Week 6- The same document that was sent for the last to weeks is taken; the file name is changed; the file is sent. No complains.

Week 7 - Status reporting is now suddenly becomes really easy for me.

Sending a weekly status report from then on is easier than most young and budding managers can think. For as long as the project lasts, I send the exact same status report and no-one even notices.

Then the project ends. We ship the build, everyone loves it; the project is a success --- and the reports?

Question: Do you think this manager of mine wanted me to send the reports because he was going to read those reports or do anything with them?

End of flashback.

Let's snap back to life.

A simple dissection of the story and picking up the nuggets of lessons learnt of it will help. After all, if we don't do that, we are just as guilty of whining as professional whiners.

If there was one thing I learnt from the event; it was that most of the people from the so-called 'senior management' are often afraid of change. Change that threatens their existence. A team of three young and budding developers self sufficient at shipping is every whiners nightmare. It is in fact every organization's nightmare.

Why?

The reasons are two fold.

Firstly, because the pecking order has been genuinely made to believe that whiners have a specific function in defining the existence of the organization; that 'developers are not very good at communication' --- that builders need to be 'managed'. When a couple of genuine builders show up and challenge the conventional beliefs not by empty meetings and discussions but by consistently shipping concrete deliverable results; it is natural for whiners to feel threatened.

This highly respected project manager of mine for example, liked to believe that the project was on track because the team was aware of the fact that he 'might' be tracking the project through the status reports. He genuinely believed that the status reports were keeping us on track when in reality all these status reports were doing was wasting a lot of my time.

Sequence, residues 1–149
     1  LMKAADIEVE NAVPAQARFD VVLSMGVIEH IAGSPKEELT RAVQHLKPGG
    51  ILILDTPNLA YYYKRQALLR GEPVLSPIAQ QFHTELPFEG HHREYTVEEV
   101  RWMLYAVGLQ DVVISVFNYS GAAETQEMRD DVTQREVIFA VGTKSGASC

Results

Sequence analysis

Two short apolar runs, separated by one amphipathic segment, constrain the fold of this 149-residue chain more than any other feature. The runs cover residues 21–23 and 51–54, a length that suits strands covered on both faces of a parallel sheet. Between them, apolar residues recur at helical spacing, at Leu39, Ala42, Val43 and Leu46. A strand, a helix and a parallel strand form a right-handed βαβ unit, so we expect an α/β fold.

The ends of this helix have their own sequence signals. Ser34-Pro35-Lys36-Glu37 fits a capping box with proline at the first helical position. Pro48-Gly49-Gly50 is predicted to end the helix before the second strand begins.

His role and function in the project was redundant. Removing him from the project would have helped us ship faster; and yet this dear manager of ours believed that he has a definite function and a concrete role in the project. He was the self proclaimed, 'project policeman'. 

Secondly, organizations like to believe that the whole 'organizational' arrangement of things is what causes projects to 'tick'. 'Always think of the team first' - 'you can hardly do anything alone' - 'team achievement is much more important than individual contribution' - 'we need to document stuff so that people are replaceable; after all someone might fall sick; decide to leave or might get his by a bus' ---  ever heard these statements in management meetings?

Organizations like to believe that it is the organizational structure that is hugely responsible for innovation; not individuals that they hire; while in reality the reverse is often true. We like to refer to our most remarkable builders as 'resources' and then we like to go out and prepare 'project plans' and 'resource management reports'. We like to naively believe that it is these reports and processes that make the organization tick.  

A couple of builders, shipping successfully without any organizational intervention feels scary to organizations which do not believe in the idea of individual contribution. Most organizations and managers alike; find it difficult to leave a team of builders alone.

This; dear reader; is why most organizations and even the so-called-managers out there are *not* looking for genuine builders who can build remarkable stuff silently; this is why most organizations out there are looking for professionals who can be programmed to follow processes and believe that they are just a tiny drop in the larger 'organizational' scheme of things.

If you work in one of these organizations; irrespective of what your Human Resource department tells you, chances are high that your organization is not looking for genuine builders. In fact, in all probabilities, your organization is shit scared of builders or anything that brings about any form of change. Chances are high that you organization is in fact, looking forward to hiring whiners and maintaining the whiner recruitment plan.

How many genuinely deserving candidates have you seen getting rejected in the interview process?

Why did these candidates get rejected? What reasons were sited by the whiners who rejected them?

How many genuine builders or story tellers are leading teams in your organization?

How many whiners that have been promoted to their level of incompetence?

Is your organization letting the builders take the back-bench and letting the whiners drive the organization, dear reader?

Discuss.

Note: This article is a part of a Work In Progress Book. To Read connected articles read the Builders At Work category of this blog.